قالب وردپرس درنا توس
Home / Health / SF projects target COVID numbers for the worst case scenario, but how accurate are they?

SF projects target COVID numbers for the worst case scenario, but how accurate are they?




While the coronavirus is rising sharply in San Francisco, city officials are preparing for the worst possible outcome: mass infections after the fall, potential congestion in the city’s health care system, and a sharp increase in the number of victims in the city.

Grant Colfax confirmed at a virtual press conference on Thursday that the number of hospitalized patients receiving COVID treatment is higher than ever before, stressing the urgent need for city residents to correct themselves in mitigating the spread of the virus. During the last peak in April, 94 people were hospitalized. Six weeks ago, that number dropped to 26. But by the end of July, the number of hospitalized jumped to 107. Of these, according to Colfax, a quarter are in intensive care.


“In just 10 days, we went from 5,000 to 6,000 cases of COVID-19 this month,” he said. “Let me clarify: We have a large increase in the COVID-19 virus. The virus is spreading rapidly and more people are very ill. If this continues at current levels, we estimate that on average we will have more than 750 San Francisco hospitals by mid-October and more than 600 deaths from COVID-19 in 2020. [The] the worst case scenario leads us to 2,400 hospitalizations and 1,800 deaths. These scenarios become more likely as they go through current trends every day. ‘ “




Such numbers seem scary, but they can still be avoided at this point. The city recorded 6,423 cases and 58 deaths on Thursday. Colfax noted that the hospitals in San Francisco are not as impressed as they were in New York, but “it is extremely persistent that we have reached this point.”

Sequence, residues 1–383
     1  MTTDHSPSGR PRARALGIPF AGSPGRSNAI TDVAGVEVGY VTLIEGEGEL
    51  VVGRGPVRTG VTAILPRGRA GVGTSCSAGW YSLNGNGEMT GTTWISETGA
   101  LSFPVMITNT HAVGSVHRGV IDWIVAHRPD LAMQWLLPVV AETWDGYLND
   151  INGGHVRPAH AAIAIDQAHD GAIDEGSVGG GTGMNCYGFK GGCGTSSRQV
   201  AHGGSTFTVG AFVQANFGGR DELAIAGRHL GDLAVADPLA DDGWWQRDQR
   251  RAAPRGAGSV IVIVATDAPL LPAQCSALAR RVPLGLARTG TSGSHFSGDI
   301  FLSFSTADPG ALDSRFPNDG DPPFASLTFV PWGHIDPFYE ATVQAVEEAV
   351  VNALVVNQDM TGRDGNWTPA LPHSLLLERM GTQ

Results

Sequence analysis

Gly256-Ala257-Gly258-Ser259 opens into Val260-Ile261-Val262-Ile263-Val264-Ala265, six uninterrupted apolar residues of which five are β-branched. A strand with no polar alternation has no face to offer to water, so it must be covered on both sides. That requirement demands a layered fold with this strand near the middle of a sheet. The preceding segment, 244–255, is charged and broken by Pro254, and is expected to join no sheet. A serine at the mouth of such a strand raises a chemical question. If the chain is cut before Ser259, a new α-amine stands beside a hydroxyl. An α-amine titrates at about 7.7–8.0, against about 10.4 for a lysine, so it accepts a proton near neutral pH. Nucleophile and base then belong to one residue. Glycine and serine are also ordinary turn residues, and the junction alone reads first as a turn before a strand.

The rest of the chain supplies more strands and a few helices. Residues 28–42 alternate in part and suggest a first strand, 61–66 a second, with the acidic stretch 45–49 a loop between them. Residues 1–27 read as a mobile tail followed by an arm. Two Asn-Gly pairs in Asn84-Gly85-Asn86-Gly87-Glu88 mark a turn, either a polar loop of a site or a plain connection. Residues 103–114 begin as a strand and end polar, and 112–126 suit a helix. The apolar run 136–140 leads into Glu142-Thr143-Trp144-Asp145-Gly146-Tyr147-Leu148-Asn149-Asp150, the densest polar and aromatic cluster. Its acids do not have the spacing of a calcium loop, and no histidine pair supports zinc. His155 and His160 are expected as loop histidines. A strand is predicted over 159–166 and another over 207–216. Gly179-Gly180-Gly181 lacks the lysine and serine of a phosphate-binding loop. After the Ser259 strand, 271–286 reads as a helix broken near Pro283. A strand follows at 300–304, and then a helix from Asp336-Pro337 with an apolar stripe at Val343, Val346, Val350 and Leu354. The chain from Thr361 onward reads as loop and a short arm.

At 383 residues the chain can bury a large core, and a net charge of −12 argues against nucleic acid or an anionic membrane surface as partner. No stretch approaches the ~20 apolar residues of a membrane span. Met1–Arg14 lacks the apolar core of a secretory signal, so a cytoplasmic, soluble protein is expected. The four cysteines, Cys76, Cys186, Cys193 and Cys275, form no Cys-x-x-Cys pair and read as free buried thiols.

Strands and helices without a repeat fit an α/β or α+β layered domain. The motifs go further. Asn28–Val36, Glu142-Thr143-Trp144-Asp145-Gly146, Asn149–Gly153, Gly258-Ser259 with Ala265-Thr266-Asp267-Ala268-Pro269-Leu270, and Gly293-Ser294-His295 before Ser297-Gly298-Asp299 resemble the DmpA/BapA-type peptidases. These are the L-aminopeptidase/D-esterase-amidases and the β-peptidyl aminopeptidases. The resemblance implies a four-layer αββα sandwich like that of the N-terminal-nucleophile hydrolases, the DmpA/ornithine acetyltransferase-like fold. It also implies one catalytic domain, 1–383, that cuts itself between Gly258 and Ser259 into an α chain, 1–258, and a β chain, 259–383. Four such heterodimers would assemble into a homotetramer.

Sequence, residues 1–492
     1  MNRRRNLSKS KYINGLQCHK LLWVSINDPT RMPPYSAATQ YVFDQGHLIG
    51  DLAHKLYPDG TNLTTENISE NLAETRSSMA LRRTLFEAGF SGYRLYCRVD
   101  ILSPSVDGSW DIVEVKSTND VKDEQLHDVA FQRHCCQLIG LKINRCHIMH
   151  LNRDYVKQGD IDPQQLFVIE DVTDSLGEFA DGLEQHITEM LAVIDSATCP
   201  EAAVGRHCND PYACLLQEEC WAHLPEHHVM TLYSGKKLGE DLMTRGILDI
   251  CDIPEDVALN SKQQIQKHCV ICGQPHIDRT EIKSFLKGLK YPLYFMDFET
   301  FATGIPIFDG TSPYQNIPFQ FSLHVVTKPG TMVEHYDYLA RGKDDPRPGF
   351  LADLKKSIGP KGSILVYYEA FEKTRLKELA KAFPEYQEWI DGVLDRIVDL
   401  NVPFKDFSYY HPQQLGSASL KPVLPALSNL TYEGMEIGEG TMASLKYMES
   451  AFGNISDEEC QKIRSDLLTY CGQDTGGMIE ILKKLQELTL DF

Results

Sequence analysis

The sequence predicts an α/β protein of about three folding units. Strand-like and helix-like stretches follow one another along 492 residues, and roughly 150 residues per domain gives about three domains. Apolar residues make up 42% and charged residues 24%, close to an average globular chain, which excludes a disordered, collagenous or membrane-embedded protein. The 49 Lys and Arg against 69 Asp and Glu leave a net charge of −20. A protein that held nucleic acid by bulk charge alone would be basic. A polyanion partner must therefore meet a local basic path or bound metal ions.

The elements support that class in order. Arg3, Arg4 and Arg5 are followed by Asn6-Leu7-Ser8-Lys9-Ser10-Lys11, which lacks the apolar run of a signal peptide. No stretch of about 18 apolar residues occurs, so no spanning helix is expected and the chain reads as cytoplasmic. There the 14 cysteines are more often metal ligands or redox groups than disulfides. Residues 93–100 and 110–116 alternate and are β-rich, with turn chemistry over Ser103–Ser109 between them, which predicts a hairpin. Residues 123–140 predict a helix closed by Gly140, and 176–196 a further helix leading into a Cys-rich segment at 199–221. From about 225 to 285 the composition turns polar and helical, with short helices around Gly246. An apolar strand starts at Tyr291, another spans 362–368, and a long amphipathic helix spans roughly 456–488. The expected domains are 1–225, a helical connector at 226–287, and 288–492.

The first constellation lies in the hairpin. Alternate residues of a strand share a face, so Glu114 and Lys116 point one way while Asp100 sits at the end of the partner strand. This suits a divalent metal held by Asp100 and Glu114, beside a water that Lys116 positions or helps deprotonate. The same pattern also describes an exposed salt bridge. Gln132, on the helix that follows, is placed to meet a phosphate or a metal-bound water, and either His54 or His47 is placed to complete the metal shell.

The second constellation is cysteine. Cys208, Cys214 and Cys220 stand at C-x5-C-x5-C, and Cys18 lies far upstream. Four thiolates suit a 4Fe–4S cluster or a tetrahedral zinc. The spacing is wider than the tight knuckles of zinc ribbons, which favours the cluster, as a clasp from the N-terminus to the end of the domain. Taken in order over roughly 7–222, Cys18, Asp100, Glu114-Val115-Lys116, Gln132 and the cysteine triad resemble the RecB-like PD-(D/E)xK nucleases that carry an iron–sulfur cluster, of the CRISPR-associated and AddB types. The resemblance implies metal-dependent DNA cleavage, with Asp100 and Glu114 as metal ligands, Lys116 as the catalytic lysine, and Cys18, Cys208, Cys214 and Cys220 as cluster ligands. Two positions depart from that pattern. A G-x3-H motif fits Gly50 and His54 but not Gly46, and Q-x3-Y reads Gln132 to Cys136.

George Rutherford, a professor of epidemiology at the University of California, San Francisco, mostly agrees with the city’s assessment and current forecasts. While the current R0 score is just north of 1 – significantly lower than it was a week ago – the data the city predicts in the near future is likely to still hold on.

“In the past, they were accurate,” Rutherford says of the projections for 4 to 6 weeks in advance. “When you move on, it’s someone’s guess. We use different inputs to get estimates of where it could be, [but] it’s not about having a pool about it or building with it. They are intended for planning purposes. if [Colfax] publishes these numbers where they plan. “


City officials are currently working to find the best ways to cope with the sharp increase in hospitalizations. On Thursday, Colfax and District 2 spokeswoman Catherine Stefani announced that she would vacate hospital beds for coronavirus cases for non-COVID patients. And before that, another floor was opened for COVID patients in St. Francis.

As for what could happen later this year, Rutherford is not sure of the city’s estimates. Although the notion that, on average, more than 750 people may be hospitalized per day is not convincing about the estimated number of victims of 600, it notes that “it seems a little far away”.

“However, if it starts to return to nursing homes or if we infect so many young people, we will see their spread in the ICU and morgue, which will be very problematic,” he adds.

As for the worst case scenario numbers? It’s still hard to say. There is a possibility that this could happen, says Rutherford, but the result is far from certain at this point. “It’s a modeling problem too far,” he says, “you get big numbers, but you have to plan for something.”

All this except that the future scenario that Rutherford is really interested in is not exclusively about the coronavirus – it’s the flu. “Will everyone have a slow shot against the flu and we start flooding the emergency departments with people with the flu and with people with COVID?”

It’s a scary thought, but for San Franciscans, it provides the best way to prevent huge hospitals from following the recommendations of the medical department – doing things that are within their power.

“They can stay home when they are sick, they can avoid internal surgery, they can get the flu,” he says. “They can control it.”

They should follow the instructions Colfax issued again on Thursday: “Wear a mask. It’s not that hard. “

Alyssa Pereira is the culture editor at SFGate. Email: alyssa.pereira@sfgate.com | Twitter: @alyspereira




Source link